This bespoke 7m hanging timber bench is thought to be the longest of its kind. Summum Engineering engineered the bench, which was installed in the Soldatenbos National Forest, Belgium. It hangs from two silver maple trees with a view over an adjacent field. RO&AD Architects provided the architectural design and intent, working for the municipality of Nijlen.
Swinging benches are commonly associated with North America. The longest multi-span swinging bench, located in Louisiana, USA, is 18.25m, with individual spans of around 3.6m. At 7.1m, it is thought to be the longest single-span swinging bench of its kind, installed in August 2021.
The bench was part of a larger scheme, where LAMA landscape architects, Wemake and RO&AD Architects proposed several designs specifically for the municipality of Nijlen, Belgium, ranging from websites and magazines to street furniture, such as rubbish bins, benches and signposts. The Soldatenbos is the first location where some of these objects have been placed, including the bench. The visitor numbers to Soldatenbos National Forest increased sixfold thanks to the larger project.
Structural system and materials
The bench is made up of orthogonal layers of timber beams with a cross-section of 43 mm by 65 mm, interconnected with screws, with gaps left in between. In total, the bench weighs 340 kg. Four 16 mm stainless steel threaded rods span longitudinally between the ends of the bench and are concealed within it, introduced to control deflections.
The bench is suspended with Hercules rope, which integrates a steel cable encased by synthetic fibres, giving the appearance of natural fibre rope. In general, steel cables under tension used for structures such as swings should not be openly accessible to the public.
The four suspension points are at the top and bottom of the bench for stability, with supports at the bottom allowing the bench to rest on – rather than hang from – the steel rods. The cables are in turn attached to an 8 tonne capacity Drayer TreeSave sling wrapped around the tree trunk, which was the responsibility of a specialist tree surgeon.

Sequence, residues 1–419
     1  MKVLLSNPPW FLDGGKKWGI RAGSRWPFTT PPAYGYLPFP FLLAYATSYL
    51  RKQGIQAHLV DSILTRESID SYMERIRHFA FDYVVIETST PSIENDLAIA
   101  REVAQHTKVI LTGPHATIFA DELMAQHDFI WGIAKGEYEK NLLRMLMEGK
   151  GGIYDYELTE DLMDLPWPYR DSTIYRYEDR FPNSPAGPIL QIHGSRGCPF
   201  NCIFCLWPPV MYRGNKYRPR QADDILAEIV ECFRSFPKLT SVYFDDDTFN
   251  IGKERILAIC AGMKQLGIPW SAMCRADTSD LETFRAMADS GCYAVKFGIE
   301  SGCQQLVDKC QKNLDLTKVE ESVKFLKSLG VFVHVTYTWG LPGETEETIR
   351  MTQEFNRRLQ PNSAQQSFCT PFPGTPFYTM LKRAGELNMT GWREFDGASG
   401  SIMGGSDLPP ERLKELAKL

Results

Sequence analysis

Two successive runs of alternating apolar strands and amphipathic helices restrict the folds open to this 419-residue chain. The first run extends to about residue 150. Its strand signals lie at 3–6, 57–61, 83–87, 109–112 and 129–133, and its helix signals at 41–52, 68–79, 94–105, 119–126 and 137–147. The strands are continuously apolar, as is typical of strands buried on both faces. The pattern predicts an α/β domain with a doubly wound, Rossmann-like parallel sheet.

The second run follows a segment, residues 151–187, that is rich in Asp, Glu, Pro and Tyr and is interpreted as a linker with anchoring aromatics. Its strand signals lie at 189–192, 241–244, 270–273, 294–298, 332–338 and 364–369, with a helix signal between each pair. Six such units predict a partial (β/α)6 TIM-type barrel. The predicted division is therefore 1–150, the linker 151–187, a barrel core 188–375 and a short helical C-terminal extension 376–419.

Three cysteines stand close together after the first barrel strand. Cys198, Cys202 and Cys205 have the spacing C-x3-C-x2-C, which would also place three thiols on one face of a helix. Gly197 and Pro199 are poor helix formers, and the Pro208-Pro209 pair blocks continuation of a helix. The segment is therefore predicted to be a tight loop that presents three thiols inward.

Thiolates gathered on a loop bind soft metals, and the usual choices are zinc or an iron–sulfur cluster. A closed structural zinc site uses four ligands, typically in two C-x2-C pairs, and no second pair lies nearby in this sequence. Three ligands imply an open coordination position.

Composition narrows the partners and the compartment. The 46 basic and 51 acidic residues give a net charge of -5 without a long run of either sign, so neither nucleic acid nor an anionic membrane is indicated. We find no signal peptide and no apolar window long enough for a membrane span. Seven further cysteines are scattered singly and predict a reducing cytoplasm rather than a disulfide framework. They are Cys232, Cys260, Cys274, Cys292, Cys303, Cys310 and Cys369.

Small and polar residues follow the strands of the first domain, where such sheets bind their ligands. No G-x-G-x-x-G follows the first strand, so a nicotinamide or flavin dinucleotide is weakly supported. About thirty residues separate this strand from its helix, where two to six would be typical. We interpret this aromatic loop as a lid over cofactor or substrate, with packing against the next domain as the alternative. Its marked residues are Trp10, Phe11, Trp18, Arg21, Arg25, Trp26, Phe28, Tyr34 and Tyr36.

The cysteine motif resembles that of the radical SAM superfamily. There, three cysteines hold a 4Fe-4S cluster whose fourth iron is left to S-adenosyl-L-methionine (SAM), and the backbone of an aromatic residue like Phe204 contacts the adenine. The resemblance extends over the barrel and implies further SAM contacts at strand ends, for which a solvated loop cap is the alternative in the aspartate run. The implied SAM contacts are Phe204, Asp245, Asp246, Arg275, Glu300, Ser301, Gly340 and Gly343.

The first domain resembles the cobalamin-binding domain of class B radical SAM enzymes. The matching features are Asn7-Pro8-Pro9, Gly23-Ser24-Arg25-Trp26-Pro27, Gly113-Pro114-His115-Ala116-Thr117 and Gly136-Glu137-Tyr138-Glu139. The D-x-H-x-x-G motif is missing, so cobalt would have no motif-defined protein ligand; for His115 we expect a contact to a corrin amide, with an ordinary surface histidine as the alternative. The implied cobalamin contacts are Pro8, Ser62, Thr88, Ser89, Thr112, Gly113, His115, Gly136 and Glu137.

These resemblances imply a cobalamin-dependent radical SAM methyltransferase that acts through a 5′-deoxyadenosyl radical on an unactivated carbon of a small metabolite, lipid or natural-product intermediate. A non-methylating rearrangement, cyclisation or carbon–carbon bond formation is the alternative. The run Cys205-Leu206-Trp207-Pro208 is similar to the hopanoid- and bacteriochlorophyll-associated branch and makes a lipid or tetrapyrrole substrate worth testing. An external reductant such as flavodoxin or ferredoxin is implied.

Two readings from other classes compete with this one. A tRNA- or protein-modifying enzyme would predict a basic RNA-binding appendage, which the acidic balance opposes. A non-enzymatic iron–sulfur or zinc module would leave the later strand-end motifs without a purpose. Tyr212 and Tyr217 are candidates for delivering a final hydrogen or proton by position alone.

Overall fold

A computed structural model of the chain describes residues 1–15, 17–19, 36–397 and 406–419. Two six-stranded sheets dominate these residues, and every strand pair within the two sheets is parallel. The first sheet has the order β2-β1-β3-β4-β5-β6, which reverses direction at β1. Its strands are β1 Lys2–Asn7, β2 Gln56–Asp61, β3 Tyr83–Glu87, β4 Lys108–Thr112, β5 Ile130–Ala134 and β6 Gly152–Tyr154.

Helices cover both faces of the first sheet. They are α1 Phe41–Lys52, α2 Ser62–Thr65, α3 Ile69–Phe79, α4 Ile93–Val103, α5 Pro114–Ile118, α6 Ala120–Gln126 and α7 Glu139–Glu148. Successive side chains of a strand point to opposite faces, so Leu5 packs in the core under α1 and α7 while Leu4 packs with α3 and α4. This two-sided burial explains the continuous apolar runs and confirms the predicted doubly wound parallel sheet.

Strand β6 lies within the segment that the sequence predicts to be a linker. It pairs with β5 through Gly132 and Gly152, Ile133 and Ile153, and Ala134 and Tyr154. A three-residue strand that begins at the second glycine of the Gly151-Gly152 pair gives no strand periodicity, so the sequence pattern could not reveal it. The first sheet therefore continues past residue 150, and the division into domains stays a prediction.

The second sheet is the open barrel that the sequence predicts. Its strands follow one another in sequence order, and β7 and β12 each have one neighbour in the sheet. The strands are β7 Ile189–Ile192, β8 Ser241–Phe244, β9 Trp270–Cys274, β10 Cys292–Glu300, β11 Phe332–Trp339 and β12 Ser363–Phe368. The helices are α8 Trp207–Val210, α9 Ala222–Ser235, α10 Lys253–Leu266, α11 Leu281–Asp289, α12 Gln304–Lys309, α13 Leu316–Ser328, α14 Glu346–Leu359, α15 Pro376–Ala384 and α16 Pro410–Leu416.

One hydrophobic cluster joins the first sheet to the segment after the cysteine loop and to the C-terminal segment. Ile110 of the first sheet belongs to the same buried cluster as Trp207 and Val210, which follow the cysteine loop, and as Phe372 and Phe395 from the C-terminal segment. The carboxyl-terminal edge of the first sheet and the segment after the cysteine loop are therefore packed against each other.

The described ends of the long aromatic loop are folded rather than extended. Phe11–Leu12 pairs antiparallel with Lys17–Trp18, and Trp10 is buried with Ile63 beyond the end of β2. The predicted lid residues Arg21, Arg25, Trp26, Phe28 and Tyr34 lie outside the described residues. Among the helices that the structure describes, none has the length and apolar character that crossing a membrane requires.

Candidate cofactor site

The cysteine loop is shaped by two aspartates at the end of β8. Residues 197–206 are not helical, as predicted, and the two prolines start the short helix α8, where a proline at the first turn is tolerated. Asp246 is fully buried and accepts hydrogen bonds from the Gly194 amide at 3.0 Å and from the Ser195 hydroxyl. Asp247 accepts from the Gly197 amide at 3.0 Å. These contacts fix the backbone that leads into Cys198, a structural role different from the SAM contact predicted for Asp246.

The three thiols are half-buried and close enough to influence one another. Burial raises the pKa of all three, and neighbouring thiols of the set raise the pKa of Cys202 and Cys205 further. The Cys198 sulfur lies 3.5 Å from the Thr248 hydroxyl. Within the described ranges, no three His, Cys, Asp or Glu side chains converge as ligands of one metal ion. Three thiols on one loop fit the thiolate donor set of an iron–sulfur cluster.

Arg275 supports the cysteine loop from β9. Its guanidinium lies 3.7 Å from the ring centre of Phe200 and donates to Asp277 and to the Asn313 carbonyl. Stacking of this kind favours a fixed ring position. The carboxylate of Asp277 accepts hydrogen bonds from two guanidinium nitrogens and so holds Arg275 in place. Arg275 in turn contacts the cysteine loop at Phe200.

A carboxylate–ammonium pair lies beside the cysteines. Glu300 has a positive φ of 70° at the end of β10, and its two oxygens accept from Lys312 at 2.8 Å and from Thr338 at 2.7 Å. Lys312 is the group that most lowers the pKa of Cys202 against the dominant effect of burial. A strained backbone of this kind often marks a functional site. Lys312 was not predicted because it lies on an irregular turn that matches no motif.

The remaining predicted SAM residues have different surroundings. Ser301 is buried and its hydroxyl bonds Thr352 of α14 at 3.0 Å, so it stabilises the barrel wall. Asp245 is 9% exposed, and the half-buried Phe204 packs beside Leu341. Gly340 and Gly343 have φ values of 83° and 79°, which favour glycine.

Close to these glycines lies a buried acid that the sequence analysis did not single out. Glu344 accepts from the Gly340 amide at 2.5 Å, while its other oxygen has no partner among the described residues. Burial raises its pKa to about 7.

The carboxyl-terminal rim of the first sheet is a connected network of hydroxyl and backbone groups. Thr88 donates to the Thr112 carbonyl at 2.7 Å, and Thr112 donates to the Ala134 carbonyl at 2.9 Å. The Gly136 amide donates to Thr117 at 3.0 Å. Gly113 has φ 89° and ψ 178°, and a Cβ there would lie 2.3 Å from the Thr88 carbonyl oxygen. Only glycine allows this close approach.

Thermally modified timber was sourced by the client from two different timber merchants for the project, on the assumption it would be well suited to outdoor applications. Unfortunately, thermally modified timber is ungraded for structural application, due to the relatively unknown effect the heat treatment has on its stiffness and ultimate strength. A large proportion of the engineering task was therefore determining suitable material properties from available information to enable a safe design.
Third-party test results on timber from the first manufacturer indicated it had the strength and density of a C20 section, while other sources indicated that its strength could be reduced somewhat: one cites sources suggesting that the average strength decreases by 10–50%5 and another indicates that the bending strength decreases on average by 3% and the tensile strength by 39%6.
Test data was publicly available for the timber from the second manufacturer. Eurocode 0 provides a framework to derive design values from test data. Using this method, a design bending strength of 9.1 MPa was calculated for the timber from the second manufacture, i.e. half the bending strength of a C18 section.
The governing loads were determined to be design forces for swings, taken from EN 1176-1. Based on these loads, the following procedure was used for the design: for all the timber in the bench, C18 section properties were assumed. Where the utilisation of any element was above 50%, this element was replaced with a stronger C24 section. The bench was then reanalysed. All C24 timber had a utilisation of less than 100%. Some of the thermally modified timber had a utilisation between 50% and 65%, assuming C18 properties. This higher utilisation was localised to the longitudinal members in the seating. Timber from the first manufacturer was recommended to be used here. Other transversal pieces and elements in the backrest were recommended to be made from timber by the second manufacturer. Based on this results, stock elements already procured could successfully be integrated into the project, reducing waste and expense.
More details have been published in the October 2022 issue of The Structural Engineer.